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Below is what I believe to be a pretty accurate summary of what lies ahead regarding closing the state budget deficit once Jerry Brown is sworn in. Note Brown's statement that "the budget shortfall, projected over the next 18 months, is larger than annual state spending on prisons, welfare and the University of California and California State University systems combined." In other words, if we closed all the prisons, closed all the UC's and CSU's, and stopped all welfare payments, we would still have a state budget deficit.
By Anthony York, Los Angeles Times
December 9, 2010
Reporting from Sacramento
California voters could be presented with a tough choice by summer under a proposal that Gov.-elect Jerry Brown is considering: Approve new taxes or other revenue in a special election, or live with far fewer government services.
Brown is holding talks with small groups of lawmakers and influential interest groups about how to put that decision before the public. He won't discuss his plans publicly, but people involved in the private discussions expect him to propose a special election after enacting a dire austerity budget in the spring.
State Senate minority leader Bob Dutton (R-Rancho Cucamonga), who met with Brown this week, said the governor-elect told Republican senators he wants to "rip the Band-Aid off next year" and hinted that a special election was part of the plan.
"He intimated strongly that he wanted to go to the ballot but did not say so explicitly," Dutton said.
The discussions are the first indication of how Brown may be planning to address the state's budget deficit, which he has identified as his immediate priority. By law, he must propose a balanced budget by Jan. 10, and he vowed while campaigning not to raise taxes without voters' OK.
Bipartisan support would be required in the Legislature to place a budget measure on the ballot. Republicans may go along, Dutton said, if a revenue hike were proposed alongside meaningful changes in the budget process.
"If you were talking about a complete structural reform that could not be changed, then yeah, we'd be happy to work with" the Brown administration, Dutton said.
Senate Budget Committee Chairman Mark Leno (D- San Francisco), who said he has had informal discussions with Brown, said a special election "would have to be next June," in time for the fiscal year that starts July 1.
"We are looking at a $25-billion deficit," Leno said. "Voters need to understand what damage would be done if it were resolved with cuts alone."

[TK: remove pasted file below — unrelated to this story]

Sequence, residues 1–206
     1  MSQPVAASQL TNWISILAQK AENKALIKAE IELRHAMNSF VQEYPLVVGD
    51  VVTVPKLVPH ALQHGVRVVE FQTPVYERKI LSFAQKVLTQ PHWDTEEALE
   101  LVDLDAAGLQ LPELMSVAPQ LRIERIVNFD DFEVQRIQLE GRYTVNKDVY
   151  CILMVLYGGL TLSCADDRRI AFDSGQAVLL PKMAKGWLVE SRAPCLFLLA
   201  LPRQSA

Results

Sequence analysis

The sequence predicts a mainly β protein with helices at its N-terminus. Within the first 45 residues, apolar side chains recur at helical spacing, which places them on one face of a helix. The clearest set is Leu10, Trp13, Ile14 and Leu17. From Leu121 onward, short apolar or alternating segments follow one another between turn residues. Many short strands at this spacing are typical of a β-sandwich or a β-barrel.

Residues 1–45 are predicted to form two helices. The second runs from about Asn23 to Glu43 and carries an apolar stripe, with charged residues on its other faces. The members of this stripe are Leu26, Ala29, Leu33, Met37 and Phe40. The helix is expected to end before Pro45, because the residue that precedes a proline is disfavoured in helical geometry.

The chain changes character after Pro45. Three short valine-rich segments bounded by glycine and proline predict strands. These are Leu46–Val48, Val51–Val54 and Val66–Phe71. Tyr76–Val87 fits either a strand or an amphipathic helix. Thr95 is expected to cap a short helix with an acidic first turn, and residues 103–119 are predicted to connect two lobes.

A summer election would require the Legislature to pass a budget by about March, Leno said — months before lawmakers typically reach a consensus on spending.
That plan would probably be marked by extreme austerity measures that voters would have to live with if they did not approve a tax increase or some other way of raising revenue, Leno said.
Brown hosted a public budget forum with state and local lawmakers Wednesday but made it clear that he was not ready to talk about specific proposals to close the budget gap.
"Today, we're not going to argue about solutions," Brown said.
But during the campaign, Brown talked openly about asking voters to help fix the state's budget problems.
"Anything you do, whether you cut or seek revenue, is going to require a vote of the people, and that's really my plan," he told CNBC in June. "The governor's main job is not just to have a few good ideas, but to lead a process whereby the people have teed up for them some key decisions about what we're going to do less, and what we're going to do different, or if we want to pay for some more money."
Brown has been conferring with advisors who specialize in campaigns and elections. Last week, he and his wife, Anne Gust, were spotted huddling with a team of advisors in a private room in a downtown Sacramento restaurant. Among those in attendance were pollster Jim Moore, campaign strategist David Townsend and Republican consultant Jack Flanigan — tacticians who could help him with a ballot strategy.
If Brown calls for a special election in 2011, selling a tax plan to voters could be a major challenge.
In 2009, the Legislature and Gov. Arnold Schwarzenegger placed six budget-related measures on a special-election ballot. They included extending temporary tax hikes as well as proposed limits on future state spending. Voters overwhelmingly rejected them.
"The public is very, very skeptical of anything Sacramento does," said Adam Mendelsohn, an adviser to Schwarzenegger who worked on the 2009 special-election campaign. "One of the things that was so apparent after the 2009 election was how difficult it was to go out and get the public to endorse a plan created by Sacramento to help Sacramento…. There's very much a sense of, 'It's your problem, figure out how to solve it. Don't ask us to do your job.'"
Kevin Gordon, a political adviser to education groups, said Wednesday's budget forum was Brown's first step in "taking the public's temperature."
At the forum, the governor-elect summoned fiscal experts to outline the state's financial problems. They warned of skyrocketing debt and chronic budget shortfalls. State Controller John Chiang brought one of the few moments of levity, comparing himself and his fiscal colleagues to the "four horsemen of the Apocalypse."
Brown noted that the budget shortfall, projected over the next 18 months, is larger than annual state spending on prisons, welfare and the University of California and California State University systems combined.
"What we're looking at today is much worse than it's ever been before," Brown said.
Still, he struck an upbeat note. He said there exists "a zone of potential common agreement, and that's where I'm going to focus in the coming months."
Times staff writer Shane Goldmacher contributed to this report.
Copyright © 2010, Los Angeles Times